Every bit of collision in each room is made up of triangles, with each triangle having an inside and outside. While the inside of each collision triangle behaves just as expected, the outside of each triangle is "sticky" meaning that she will have a very limited capacity to move and the game will often constantly attempt to reposition Samus away. Since you can't move on these sticky surfaces, it is preferred to move on standable spots, which are surfaces that behave just like in-bounds collision. These can be found on extended flat surfaces, edges between 2 sticky collisions, or the top of the seam of a piece of collision such as a vertical wall. Some standable spots can even be a point where different collision triangles intersect with eachother. Each individual room has its own set of standable spots, and knowing where these are is essential for fast movement while wallcrawling. Sometimes you may be able to intuit where these spots are as a general rule, but other rooms require memorization of where these spots are as they may not be obvious. If all else fails, you can use the Morph Ball Bombs to quickly break away from sticky collision if necessary, but beware that Morphing while out of bounds carries the risk of softlocking if in the wrong place.

Loading Rooms

When wallcrawling, it is necessary to be able to load the room that you wish to go next.

Loading Triggers

Physically touching a loading trigger will cause the game to have the room load like normal. Depending on the room, individual strats may need to be performed in order to touch these triggers. For example, during the Ice Beam Before Flaahgra wallcrawl in the room Furnace, the loading trigger has to be touched in order to load East Furnace Access. All rooms in Prime 1 are based on loading triggers, but only some rooms in Echoes and Corruption use these, instead using proximity loads.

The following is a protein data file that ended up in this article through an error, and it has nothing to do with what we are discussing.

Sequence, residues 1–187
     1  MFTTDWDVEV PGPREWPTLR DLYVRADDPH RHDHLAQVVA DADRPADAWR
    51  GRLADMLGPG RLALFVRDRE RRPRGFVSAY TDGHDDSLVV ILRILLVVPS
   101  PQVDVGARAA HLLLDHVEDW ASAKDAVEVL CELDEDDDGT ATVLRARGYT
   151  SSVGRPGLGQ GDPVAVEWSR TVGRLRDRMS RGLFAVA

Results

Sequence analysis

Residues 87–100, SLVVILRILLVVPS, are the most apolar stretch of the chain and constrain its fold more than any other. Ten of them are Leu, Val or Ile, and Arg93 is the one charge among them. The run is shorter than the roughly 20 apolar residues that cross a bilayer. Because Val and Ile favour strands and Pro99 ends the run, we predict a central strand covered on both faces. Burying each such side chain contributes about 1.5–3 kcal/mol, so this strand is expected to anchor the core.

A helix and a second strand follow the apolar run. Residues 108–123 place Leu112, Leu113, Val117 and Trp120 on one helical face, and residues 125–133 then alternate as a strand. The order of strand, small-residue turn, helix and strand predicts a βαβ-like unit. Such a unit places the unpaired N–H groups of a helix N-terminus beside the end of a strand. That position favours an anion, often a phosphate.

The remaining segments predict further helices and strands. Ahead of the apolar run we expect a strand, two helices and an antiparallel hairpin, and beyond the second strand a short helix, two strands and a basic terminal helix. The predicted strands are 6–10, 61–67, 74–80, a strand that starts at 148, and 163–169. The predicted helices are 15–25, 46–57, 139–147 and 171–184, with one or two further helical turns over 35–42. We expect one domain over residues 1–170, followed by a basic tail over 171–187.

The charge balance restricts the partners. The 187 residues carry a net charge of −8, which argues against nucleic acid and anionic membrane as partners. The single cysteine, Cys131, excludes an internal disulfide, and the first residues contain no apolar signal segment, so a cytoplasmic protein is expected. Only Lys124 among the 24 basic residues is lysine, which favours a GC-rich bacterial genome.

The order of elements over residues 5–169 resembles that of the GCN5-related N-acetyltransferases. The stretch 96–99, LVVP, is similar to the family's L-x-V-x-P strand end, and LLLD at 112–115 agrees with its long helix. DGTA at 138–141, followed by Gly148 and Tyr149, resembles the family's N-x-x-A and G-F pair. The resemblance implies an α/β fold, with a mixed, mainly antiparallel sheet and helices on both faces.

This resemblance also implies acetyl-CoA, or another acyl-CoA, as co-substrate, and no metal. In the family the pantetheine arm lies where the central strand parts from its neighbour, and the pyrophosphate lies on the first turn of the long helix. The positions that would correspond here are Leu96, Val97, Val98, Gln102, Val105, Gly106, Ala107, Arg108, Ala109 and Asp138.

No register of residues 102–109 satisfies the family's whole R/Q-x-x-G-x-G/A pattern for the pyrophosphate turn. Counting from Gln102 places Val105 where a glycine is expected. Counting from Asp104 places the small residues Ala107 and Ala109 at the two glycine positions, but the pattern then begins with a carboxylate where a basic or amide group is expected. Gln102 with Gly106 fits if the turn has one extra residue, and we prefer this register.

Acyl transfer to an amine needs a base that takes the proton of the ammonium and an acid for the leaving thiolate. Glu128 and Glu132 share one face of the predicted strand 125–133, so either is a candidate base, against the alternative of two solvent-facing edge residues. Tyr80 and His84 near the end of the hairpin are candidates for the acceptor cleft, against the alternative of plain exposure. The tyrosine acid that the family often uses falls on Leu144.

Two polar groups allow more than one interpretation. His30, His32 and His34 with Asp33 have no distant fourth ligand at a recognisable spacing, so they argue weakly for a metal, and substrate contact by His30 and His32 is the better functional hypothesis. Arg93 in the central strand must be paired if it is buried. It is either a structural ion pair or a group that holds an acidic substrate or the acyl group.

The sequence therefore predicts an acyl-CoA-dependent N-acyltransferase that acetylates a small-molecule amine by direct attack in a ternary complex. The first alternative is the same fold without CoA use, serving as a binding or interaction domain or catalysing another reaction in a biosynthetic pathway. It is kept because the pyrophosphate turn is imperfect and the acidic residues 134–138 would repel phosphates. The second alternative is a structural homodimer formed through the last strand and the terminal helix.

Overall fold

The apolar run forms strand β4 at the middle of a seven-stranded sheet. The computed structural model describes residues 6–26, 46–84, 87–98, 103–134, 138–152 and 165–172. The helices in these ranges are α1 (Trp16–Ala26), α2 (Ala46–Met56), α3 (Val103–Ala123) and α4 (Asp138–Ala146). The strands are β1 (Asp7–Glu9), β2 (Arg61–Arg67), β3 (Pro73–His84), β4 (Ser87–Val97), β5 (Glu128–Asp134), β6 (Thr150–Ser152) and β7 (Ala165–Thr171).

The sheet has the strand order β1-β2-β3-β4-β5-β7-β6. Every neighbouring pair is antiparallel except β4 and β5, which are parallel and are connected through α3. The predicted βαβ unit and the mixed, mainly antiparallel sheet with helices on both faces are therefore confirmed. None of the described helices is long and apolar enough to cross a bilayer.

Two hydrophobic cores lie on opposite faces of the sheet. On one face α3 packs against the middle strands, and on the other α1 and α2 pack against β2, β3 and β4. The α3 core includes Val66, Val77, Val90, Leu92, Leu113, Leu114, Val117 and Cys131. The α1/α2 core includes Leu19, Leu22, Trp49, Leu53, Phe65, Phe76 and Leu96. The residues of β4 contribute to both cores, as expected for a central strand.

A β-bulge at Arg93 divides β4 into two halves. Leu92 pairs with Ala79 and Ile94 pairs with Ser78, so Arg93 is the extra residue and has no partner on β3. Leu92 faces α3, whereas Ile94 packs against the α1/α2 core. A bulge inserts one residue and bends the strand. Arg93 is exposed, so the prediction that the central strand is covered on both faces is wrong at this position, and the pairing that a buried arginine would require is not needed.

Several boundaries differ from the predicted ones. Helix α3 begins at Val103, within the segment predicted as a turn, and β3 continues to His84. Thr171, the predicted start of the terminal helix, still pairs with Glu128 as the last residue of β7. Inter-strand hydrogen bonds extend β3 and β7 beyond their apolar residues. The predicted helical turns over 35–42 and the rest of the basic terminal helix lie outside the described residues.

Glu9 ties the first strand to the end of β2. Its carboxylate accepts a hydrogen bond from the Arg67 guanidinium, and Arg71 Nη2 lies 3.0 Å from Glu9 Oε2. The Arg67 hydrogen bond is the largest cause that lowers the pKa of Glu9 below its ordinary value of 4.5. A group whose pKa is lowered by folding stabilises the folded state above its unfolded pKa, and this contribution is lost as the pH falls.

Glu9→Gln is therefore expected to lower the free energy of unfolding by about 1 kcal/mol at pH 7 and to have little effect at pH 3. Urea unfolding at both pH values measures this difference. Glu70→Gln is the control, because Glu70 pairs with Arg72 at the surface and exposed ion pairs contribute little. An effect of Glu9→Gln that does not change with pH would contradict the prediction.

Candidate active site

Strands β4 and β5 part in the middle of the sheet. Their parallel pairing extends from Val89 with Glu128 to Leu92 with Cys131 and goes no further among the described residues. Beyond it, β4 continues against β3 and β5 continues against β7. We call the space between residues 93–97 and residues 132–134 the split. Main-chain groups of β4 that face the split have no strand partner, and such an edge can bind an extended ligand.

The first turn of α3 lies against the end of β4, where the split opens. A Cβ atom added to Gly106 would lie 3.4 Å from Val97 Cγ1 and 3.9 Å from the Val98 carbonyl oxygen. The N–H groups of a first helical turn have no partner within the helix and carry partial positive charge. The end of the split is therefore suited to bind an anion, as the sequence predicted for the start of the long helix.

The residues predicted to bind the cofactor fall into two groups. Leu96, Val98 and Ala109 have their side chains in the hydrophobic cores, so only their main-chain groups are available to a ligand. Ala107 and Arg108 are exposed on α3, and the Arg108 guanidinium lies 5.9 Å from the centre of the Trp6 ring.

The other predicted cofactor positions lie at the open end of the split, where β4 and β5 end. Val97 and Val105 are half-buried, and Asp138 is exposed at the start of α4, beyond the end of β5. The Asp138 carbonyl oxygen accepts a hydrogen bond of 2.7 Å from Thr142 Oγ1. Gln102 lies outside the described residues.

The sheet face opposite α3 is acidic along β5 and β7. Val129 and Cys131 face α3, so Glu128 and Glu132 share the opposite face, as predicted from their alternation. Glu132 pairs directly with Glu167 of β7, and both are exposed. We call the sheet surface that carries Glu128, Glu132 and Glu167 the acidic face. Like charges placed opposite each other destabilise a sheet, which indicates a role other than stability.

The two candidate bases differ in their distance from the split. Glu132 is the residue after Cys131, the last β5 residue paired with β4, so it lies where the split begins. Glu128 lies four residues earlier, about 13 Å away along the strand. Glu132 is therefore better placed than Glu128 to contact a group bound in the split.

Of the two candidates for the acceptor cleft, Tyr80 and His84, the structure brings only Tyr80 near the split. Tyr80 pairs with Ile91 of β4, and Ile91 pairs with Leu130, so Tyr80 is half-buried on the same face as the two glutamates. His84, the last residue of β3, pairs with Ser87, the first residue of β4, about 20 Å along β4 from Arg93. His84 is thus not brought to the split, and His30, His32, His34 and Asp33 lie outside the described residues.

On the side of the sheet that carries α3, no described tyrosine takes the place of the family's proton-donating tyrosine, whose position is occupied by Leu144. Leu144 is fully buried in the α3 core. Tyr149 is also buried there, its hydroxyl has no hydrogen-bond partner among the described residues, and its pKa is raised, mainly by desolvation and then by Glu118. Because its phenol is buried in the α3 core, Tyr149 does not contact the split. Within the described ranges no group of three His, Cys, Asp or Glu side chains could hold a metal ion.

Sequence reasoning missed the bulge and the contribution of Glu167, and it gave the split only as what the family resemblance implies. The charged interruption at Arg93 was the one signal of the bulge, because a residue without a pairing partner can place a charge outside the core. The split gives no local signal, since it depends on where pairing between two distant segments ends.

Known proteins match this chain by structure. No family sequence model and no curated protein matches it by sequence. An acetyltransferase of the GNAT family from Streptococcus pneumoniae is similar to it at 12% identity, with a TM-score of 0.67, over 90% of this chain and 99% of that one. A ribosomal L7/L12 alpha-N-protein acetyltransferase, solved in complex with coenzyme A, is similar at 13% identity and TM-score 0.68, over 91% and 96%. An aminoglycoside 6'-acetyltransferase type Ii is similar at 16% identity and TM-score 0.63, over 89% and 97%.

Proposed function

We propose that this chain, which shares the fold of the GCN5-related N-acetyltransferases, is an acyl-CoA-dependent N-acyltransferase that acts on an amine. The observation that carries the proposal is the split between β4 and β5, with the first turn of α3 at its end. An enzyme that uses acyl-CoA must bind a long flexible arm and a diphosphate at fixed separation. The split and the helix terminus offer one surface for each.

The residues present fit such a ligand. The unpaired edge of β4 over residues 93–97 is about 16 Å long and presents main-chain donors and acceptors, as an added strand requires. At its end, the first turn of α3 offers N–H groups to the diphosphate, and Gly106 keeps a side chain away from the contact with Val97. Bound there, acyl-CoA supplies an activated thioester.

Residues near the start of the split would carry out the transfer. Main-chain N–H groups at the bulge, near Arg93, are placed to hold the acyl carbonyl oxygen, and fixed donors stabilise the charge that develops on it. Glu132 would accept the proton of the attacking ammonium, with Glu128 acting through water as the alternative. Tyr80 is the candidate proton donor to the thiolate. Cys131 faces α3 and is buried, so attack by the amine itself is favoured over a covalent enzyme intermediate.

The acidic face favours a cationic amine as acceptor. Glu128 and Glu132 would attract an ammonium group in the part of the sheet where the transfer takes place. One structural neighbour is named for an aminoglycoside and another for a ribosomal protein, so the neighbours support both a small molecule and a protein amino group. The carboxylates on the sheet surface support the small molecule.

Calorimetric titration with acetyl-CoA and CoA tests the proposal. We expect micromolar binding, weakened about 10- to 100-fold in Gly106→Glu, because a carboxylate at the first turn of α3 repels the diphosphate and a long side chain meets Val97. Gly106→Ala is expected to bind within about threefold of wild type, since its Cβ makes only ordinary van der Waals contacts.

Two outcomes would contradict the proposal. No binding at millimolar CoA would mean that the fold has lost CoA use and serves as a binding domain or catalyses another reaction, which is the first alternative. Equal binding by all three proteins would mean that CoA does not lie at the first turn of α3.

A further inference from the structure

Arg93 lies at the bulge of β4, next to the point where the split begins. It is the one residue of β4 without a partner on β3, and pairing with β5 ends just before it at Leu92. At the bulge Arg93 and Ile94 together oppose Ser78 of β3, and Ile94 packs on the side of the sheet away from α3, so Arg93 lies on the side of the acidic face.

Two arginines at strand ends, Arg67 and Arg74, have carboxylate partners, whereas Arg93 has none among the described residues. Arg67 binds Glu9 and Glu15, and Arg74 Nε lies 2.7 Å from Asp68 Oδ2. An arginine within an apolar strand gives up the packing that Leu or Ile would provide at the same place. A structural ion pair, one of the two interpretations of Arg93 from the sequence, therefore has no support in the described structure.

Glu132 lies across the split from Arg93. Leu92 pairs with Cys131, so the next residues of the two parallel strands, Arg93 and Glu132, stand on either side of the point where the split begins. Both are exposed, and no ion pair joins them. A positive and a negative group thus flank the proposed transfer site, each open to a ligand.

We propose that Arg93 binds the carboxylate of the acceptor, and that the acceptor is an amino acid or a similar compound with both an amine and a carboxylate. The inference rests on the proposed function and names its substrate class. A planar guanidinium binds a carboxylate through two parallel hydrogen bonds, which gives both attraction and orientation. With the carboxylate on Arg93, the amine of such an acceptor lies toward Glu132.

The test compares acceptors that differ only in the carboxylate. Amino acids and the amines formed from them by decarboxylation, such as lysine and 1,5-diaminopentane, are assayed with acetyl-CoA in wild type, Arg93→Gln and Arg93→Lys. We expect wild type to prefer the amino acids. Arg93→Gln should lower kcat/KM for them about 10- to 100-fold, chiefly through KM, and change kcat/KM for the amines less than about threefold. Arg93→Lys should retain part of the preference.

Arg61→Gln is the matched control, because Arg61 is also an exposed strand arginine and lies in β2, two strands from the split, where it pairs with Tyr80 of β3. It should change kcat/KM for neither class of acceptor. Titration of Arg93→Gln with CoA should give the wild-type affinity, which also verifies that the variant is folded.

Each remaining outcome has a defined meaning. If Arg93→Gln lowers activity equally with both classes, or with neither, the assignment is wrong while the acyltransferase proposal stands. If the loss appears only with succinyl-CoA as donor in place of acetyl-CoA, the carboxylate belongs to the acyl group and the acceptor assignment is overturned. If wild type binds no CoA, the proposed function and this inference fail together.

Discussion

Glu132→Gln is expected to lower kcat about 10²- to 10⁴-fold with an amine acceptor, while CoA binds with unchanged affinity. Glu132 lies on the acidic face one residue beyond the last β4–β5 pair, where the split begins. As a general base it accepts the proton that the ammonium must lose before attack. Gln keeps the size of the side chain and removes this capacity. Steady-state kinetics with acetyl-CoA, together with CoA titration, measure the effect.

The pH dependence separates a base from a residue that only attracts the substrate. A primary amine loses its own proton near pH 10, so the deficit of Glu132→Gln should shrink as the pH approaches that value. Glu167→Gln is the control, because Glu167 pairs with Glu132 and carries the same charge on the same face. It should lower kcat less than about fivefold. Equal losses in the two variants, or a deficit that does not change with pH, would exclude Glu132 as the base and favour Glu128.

Proximity Loads (Echoes and Corruption)

Many rooms in Echoes and Corruption (but not all) will be based on proximity loads, which are not tied to physically placed triggers within the room itself. In this case, simply travel to the room of your choice and it will automatically load for you. If you want to know whether a room is based on proximity loads or not, go into Prime World Editor and look for load triggers as you would in Prime 1. If none exist, then the room is based on proximity loads.

Force Loading Rooms

To force load a room, shoot at the door and get close to it, then wait for the room to load. This entails being near the side of the door, as the sides of the door will be enveloped by a trigger that causes the door to open. Once you hit this trigger, quickly stand on top of the door, or stand on the other side of the door if you want to go in-bounds.

Force loading rooms is prone to crash depending on the circumstances. This is because there has to be enough free memory available to quickly load the room and unload any extra rooms that may be loaded. If a room is too large or has too many objects, this can cause the game to crash. Therefore, this method of loading rooms is only recommended in specific circumstances where the game will not crash.

Once a room is done loading, it will stay invisible until it is transitioned to. Depending on the game, it can still be tracked in different ways:

  • In Prime, shooting against collision where the next room would be, and the shots make contact
  • In Echoes and Corruption, shooting behind the door and the shots unload immediately, then the room has loaded


The game always keeps track of which room that it thinks you are in. This can be seen on the map on the top right. The game will only load rooms which are directly connected with the room the game thinks you are in on the map. Therefore, when wallcrawling through rooms, you have to do what is known as a transition between rooms. Usually this is done by jumping on the respective side of the door, but sometimes there are different setups have to be used especially on vertical doors.

It is important to know that rooms behave differently when not transitioned into. Most notably, the game will not reposition you when you morph next to a wall, which can be abused to obtain Infinite Speed in certain areas.

Getting Back In-Bounds